In a bid to point users towards convenient, readily accessible digital content resources, a host of the UK’s largest Internet providers, content creators and the government itself are banding together to form Creative Content UK.
Aping CD Projekt RED’s philosophy regarding piracy, the aim is to focus less on people who are unwilling to pay and more on those who are happy to shell out for goods and services but struggle to find them. GOG has operated on this policy successfully since its inception and it seems the UK is finally taking notice.
Now, in place of militant hounding and prosecution, up to four informative letters a year will be sent to any unlawful downloader. These letters, supposedly neutral in tone, will highlight alternative, legal and, crucially, more convenient methods of acquiring digital media. If ignored, they will carry no penalty.
Essentially, as a citizen, your government is trusting to act as such i.e. responsibly.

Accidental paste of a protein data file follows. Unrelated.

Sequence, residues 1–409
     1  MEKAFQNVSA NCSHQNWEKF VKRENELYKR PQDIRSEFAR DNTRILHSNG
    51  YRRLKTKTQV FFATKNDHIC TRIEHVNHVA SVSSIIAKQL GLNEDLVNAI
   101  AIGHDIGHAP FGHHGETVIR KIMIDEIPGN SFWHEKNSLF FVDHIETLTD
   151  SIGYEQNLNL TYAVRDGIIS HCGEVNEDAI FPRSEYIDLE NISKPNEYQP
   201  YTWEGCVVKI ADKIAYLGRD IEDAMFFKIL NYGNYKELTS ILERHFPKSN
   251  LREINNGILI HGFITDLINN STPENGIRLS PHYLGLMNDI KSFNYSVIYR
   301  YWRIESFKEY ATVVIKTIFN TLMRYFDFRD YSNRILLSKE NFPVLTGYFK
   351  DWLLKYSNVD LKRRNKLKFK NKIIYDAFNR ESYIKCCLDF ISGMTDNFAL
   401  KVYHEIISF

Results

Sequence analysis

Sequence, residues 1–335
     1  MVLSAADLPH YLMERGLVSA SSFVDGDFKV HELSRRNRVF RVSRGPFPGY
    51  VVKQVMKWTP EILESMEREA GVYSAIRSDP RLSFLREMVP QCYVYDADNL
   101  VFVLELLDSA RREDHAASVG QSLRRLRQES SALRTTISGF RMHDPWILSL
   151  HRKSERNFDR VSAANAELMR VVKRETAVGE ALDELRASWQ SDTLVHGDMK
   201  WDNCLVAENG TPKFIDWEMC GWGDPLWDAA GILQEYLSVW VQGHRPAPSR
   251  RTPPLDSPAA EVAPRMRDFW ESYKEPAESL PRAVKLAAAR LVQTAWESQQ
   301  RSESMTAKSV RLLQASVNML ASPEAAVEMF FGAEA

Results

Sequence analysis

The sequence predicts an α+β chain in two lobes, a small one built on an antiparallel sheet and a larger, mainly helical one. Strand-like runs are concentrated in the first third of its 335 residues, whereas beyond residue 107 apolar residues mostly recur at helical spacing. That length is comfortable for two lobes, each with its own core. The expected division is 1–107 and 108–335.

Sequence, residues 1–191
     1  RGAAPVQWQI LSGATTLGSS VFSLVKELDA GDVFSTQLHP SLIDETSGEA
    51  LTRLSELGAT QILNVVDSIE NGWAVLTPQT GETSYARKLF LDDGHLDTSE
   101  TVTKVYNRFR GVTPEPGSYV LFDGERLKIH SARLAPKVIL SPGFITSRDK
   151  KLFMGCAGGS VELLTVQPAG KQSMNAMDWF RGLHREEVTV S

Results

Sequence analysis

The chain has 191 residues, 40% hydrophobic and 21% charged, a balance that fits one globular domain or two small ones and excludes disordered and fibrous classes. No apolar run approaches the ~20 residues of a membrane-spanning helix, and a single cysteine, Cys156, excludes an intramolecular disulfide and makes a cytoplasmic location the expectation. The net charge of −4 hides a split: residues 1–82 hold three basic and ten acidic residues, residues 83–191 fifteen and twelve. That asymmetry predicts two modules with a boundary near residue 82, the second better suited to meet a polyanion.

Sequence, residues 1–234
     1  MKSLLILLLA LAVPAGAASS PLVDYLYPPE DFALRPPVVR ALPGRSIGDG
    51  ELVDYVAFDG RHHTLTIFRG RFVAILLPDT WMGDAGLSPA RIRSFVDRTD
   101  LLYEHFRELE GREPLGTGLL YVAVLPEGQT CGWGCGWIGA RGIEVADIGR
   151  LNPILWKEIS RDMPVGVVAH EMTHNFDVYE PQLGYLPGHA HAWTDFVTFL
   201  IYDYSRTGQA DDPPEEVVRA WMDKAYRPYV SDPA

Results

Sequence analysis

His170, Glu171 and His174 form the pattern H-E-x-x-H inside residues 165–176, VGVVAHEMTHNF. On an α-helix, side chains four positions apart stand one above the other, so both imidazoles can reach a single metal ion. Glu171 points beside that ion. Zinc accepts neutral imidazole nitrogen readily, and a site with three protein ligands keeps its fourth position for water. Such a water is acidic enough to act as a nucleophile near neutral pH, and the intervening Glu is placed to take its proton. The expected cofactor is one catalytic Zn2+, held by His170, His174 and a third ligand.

According to Virgin Media Business Secretary Vince Cable,
"It's about persuading the persuadable, such as parents who do not know what is going on with their net connection. [The voluntary copyright alert programme] is not about denying access to the internet. It's about changing attitudes and raising awareness so people can make the right choice."
"Any alert will clearly recognise the account holder may not have engaged in copyright infringement themselves and we will be informative in tone, offering advice on where to find legitimate sources of entertainment content… At no point will we share any customer information as part of this campaign.
"By embracing digital, the creative industries can realise significant benefits, reaching millions of people with new and innovative services."
To date, Creative Content UK consists of BT, Sky Broadband, TalkTalk, Virgin Media, The Motion Picture Association, the British Record Music Industry and the UK government itself.